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AFRO-NETS> Field Immunodiagnostic Kit for Chancroid

Field Immunodiagnostic Kit for Chancroid

My laboratory is working both on diagnostic and vaccine candidates 
for the etiologic agent of chancroid, Haemophilus ducreyi. As you 
know, Chancroid is endemic in Africa, where it has been found to be 
an important risk factor for the heterosexual transmission of HIV. I 
am writing you to ask if you know a funding agency, which might be 
relevant for assembling and field testing a "quickie" test for chan-
croid. We have done the "hard part" in making the kit-Monoclonal an-
tibodies (Mabs) to H. ducreyi - see summary report below.

Thanks for your time.

Christopher Elkins Ph.D.
Research Assistant Professor
Departments of Medicine and Microbiology and Immunology
School of Medicine
Room 521 Burnett-Womack
Campus Box 7030
Univ. of North Carolina
Chapel Hill, NC 27599, USA
Tel: +1-919-966-3661
Fax: +1-919-966-6714

Direct detection of Haemophilus ducreyi using Mabs to the conserved 
Hemoglobin Receptor Protein

Christopher Elkins, PhD 
Division of Infectious Diseases and 
Department of Microbiology and Immunology 
University of North Carolina at Chapel Hill 
Chapel Hill, NC 27599-7030, USA

Abstract of Progress 1-1-99

The objective of this project is to develop a non-cultural, mono-
clonal antibody-based, diagnostic field test for Chancroid. Success-
ful antigen detection tests, similar to the one proposed here, in-
clude kits for diagnosis of Streptococcal pharyngitis and pregnancy 
test kits. The monoclonal antibodies (Mabs) used are to the Hemoglo-
bin-binding protein (HgbA) of Haemophilus ducreyi. The rationale for 
choosing HgbA for detection of H. ducreyi is that HgbA is a major 
protein found in all tested isolates, is immunologically and func-
tionally conserved, small amounts can be readily purified in a single 
step, and it is highly immunogenic in laboratory animals. Isogenic 
mutants of hgbA are avirulent in the human model of H.ducreyi infec-
tion (unpublished data) suggesting that this gene must be expressed 
to cause disease and naturally occurring mutants do not exist. There-
fore HgbA would be a good target for immunologic detection. 

Native (nHgbA, from H. ducreyi) and recombinant HgbA (rHgbA, over-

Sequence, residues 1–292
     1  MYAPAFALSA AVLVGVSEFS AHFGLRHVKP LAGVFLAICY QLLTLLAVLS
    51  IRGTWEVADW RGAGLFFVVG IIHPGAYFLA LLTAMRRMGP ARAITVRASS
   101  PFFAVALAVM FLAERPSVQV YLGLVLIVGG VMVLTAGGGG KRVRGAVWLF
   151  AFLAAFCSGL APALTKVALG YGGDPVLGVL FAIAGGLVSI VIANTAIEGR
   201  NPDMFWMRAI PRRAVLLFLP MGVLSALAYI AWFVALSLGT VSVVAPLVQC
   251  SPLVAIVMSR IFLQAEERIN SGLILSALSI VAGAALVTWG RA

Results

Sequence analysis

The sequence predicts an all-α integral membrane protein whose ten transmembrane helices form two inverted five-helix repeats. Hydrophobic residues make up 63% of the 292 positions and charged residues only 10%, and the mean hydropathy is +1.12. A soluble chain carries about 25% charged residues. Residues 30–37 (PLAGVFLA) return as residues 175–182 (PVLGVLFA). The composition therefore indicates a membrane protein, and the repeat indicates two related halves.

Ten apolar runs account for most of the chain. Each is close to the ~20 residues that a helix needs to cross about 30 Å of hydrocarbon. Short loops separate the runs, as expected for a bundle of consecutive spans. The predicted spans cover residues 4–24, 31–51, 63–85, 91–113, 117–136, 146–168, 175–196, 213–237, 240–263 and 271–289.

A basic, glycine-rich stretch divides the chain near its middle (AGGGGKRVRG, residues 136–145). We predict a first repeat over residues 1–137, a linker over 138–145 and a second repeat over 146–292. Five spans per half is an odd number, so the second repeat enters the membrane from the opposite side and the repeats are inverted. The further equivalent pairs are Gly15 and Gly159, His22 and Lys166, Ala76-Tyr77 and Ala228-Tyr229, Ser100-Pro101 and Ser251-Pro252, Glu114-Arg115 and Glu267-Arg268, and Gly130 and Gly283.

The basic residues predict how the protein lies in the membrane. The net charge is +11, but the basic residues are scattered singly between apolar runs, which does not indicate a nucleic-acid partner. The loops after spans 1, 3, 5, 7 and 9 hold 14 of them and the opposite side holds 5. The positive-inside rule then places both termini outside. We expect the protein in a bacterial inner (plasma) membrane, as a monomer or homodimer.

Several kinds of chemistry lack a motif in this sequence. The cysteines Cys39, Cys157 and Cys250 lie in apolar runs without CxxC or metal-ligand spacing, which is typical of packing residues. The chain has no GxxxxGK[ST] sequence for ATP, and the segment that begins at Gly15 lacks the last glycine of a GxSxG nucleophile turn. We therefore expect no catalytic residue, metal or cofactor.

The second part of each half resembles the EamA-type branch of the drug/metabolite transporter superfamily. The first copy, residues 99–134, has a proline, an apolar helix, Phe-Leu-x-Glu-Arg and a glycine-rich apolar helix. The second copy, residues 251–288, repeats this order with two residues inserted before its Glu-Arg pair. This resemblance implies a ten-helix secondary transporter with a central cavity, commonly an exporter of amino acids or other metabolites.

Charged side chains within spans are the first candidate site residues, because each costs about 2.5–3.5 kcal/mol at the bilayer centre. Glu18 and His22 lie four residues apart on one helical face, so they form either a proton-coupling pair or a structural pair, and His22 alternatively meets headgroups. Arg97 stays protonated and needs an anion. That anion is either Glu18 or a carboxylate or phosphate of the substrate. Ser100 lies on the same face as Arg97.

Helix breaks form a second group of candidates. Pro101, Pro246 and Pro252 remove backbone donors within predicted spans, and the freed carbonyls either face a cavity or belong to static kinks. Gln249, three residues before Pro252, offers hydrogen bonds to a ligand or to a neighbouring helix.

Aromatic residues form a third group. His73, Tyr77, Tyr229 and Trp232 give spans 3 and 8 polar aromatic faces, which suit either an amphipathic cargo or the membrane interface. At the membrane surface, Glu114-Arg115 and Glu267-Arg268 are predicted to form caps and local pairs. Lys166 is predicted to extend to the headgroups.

expressed in E. coli) were purified, mice immunized, and several 
thousand hybridoma supernatants screened for reactivity. Several hy-
bridoma cell lines were cloned by limiting dilution and clones prov-
ing to be stable were used to produce 1/2 liter amounts of cell su-
pernatant for further characterization. We have purified analytical 
amounts of IgG from each. We have developed a simple capture ELISA 
assay using each purified Mab as the capture antibody and a rabbit 
anti-peptide sera as the detection antibody. Mabs have been tested 
for cross reactivity against a panel of geographically diverse of 
strains which contain a variety of ribotypes (P. A. Totten, manu-
script in preparation). 

Several Mabs were isolated, characterized and purified. We have grown 
the above strains and prepared the cellular extracts for testing. In 
our format, H. ducreyi are detergent solubilized and all Mabs recog-
nize this form of HgbA. Among the several tested, we have identified 
3 unique Mabs which are non-competitive and recognize the HgbA pro-
tein from all strains of H. ducreyi tested. We estimate that in a 
simple non-optimized capture ELISA, we can readily detect 50 ng of 
purified HgbA mixed with a cell extract from a mutant H.ducreyi un-
able to make HgbA. This corresponds roughly to 100,000 bacteria (de-
pending on strain, amount of heme starvation and other variables). We 
have not tried to optimize this ELISA system, but have used it only 
for strain surveys. Thus, we have 3 Mabs, suitable for capture and 
detection Mabs in hand.

A second hybridoma laboratory is independently producing additional 
Mabs to rHgbA, should current Mabs prove unsuitable. We have been un-
successful in garnering industry support for this project. Therefore, 
we have established a collaboration with Dr. Stephen Morse at the 
Centers Disease Control (CDC). Hybridoma clones for these Mabs have 
been sent to the CDC and a "prototype immunochromatography kit" will 
be assembled for testing of mock specimens to determine sensitivity 
and specificity. Our STD group here at UNC, lead by Dr. Myron Cohen, 
has set up several labs where Chancroid is endemic and will be freez-
ing specimens in liquid nitrogen for shipment back to UNC for analy-
sis by culture, PCR and immunodetection. These sites represent an in-
valuable tool for extensive field evaluation of the kit. Should these 
tests indicate the kit has potential we will need to obtain a corpo-
rate partner to manufacture kits and further funding for field test-
ing of these kits.

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